Sci-fi films are not that common in Indian Cinema at all. (I still haven’t seen Rajnikanth’s Robot which is sitting in my DVD pile.) 24 was a really interesting film, because it used some of the conventions of sci-fi films I’m used to from the West, but added in the family and mythic elements of Indian cinema. The film stars Suriya in a triple role. This is my first Suriya film. Looking him up later, he is famous for originating the role of the cop in Singam (which Ajay Devgn remade into the Hindi Singham).
In the picture above Suriya plays the inventor dad who makes an almost steam punkesque time machine watch. It can only go backwards a maximum of 24 hours, thus the movie title. The middle character is the evil brother of the inventor — very Indian!
Then the left is the 26 year old son of the inventor, present day 2016 Mani. Nithya Menon of OK Kanmani has a brief role as Priya, wife of inventor, mother of Mani. Samantha Prabhu played the love interest for Mani and was just okay.
Suriya was impressive. He is a talented actor because he really, really pulled off three separate characters with the three roles. And there are scenes of him being one character and pretending to be another which is hard to do, and he totally nailed it.
There’s a whole plot with baby Mani being entrusted to a young girl who raises him on her own as a single mother. I’m thinking there’s a whole Mahabharata story I’m missing that it ties to that would be obvious to the Tamil audience. (Asked a friend and the foster mother is supposed to be Yashoda who raised Krishna.) There’s also elements of karma and fate as the time travel machine watch and a key find their way to Mani.
What was great about the film is that when Mani gets the time travel machine watch to work (he’s a watch repair man, fortuitously!), he first uses it to romance the girl. He’s almost like a young superhero geeking out over his new found super powers. Those scenes were really fun. He can also freeze time, and uses that to take a selfie with Dhoni in the middle of a cricket match. Watching him explore the powers of the time travel machine, explains what it can do, and how the time travel is going to work (and its limits) to the audience in a clever way.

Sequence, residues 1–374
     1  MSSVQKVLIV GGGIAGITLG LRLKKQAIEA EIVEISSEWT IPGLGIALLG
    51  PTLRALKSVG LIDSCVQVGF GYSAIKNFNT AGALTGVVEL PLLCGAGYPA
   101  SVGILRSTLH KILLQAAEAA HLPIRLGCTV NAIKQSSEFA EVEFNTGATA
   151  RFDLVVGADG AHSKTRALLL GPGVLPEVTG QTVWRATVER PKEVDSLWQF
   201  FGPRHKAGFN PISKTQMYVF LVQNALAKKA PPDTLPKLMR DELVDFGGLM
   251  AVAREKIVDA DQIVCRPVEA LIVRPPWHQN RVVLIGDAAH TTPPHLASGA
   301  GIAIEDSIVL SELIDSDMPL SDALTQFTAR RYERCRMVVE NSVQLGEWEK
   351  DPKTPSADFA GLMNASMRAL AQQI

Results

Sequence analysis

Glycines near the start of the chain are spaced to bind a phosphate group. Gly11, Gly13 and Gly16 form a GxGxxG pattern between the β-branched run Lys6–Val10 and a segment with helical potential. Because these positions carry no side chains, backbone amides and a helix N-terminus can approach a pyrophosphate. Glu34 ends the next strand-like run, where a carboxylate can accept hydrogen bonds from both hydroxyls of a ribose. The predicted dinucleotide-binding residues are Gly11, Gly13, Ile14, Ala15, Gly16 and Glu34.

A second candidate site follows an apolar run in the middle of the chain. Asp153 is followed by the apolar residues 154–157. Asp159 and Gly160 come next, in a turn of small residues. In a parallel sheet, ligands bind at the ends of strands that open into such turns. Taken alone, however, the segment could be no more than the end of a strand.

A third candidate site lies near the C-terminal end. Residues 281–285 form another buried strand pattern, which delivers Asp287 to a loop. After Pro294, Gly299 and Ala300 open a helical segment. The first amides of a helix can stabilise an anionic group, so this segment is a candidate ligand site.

I really love time travel movies, especially when they are used in romantic films. Outlander is hot right now, but who can forget Christopher Reeve in Somewhere In Time? He had no time machine, just hypnosis and the power of his love!
There have been several adaptations of H. G. Wells novel The Time Machine, notably the 2002 The Time Machine directed by Simon Wells, great-grandson of the author and starring Guy Pearce.
In The Time Machine, Wells or his avatar finds love with a primitive girl as civilization has collapsed in the distant future. Yeah, there’s none of that kind of nonsense in 24, thankfully. It’s a story of personal revenge in one family. But while Suriya was great as the villain, hell bent to get the time machine watch to try to cure himself — it was never explained why he hated his inventor twin so much. I wish a little less time had been spent on the romance plot towards the end, and some time had been given to the back story of the twin brothers. Of course, the filmmakers have left it open to a prequel or a sequel.
I thought the CGi and special effects were good, and the music was by A.R. Rahman. Not his best score ever, and I’m not running out to download the songs, but good. I would hesitate to bring very young children to the film as one character gets his hand cut off. Overall, an enjoyable action film, especially for the performance of Suriya in the three roles. Four stars out of five.
24 is out in Tamil, and a dubbed Telugu version. My theater had both.
Have you seen Time After Time? It’s another interesting take on time travel and romance.
I can’t remember if I’ve seen Time After Time — that was Malcolm MacDowell, right? Another one I forgot that is more recent was the delightful About Time with Domnhail Gleeson. About Time is not a time machine kind of action movie. Just a romance, and I’d recommend it.
Just watched this and our whole family loved it. Do you have any insight on the bird who so mysteriously helps out? We felt it had to be an obvious reference to a Tamil audience but we were in the dark.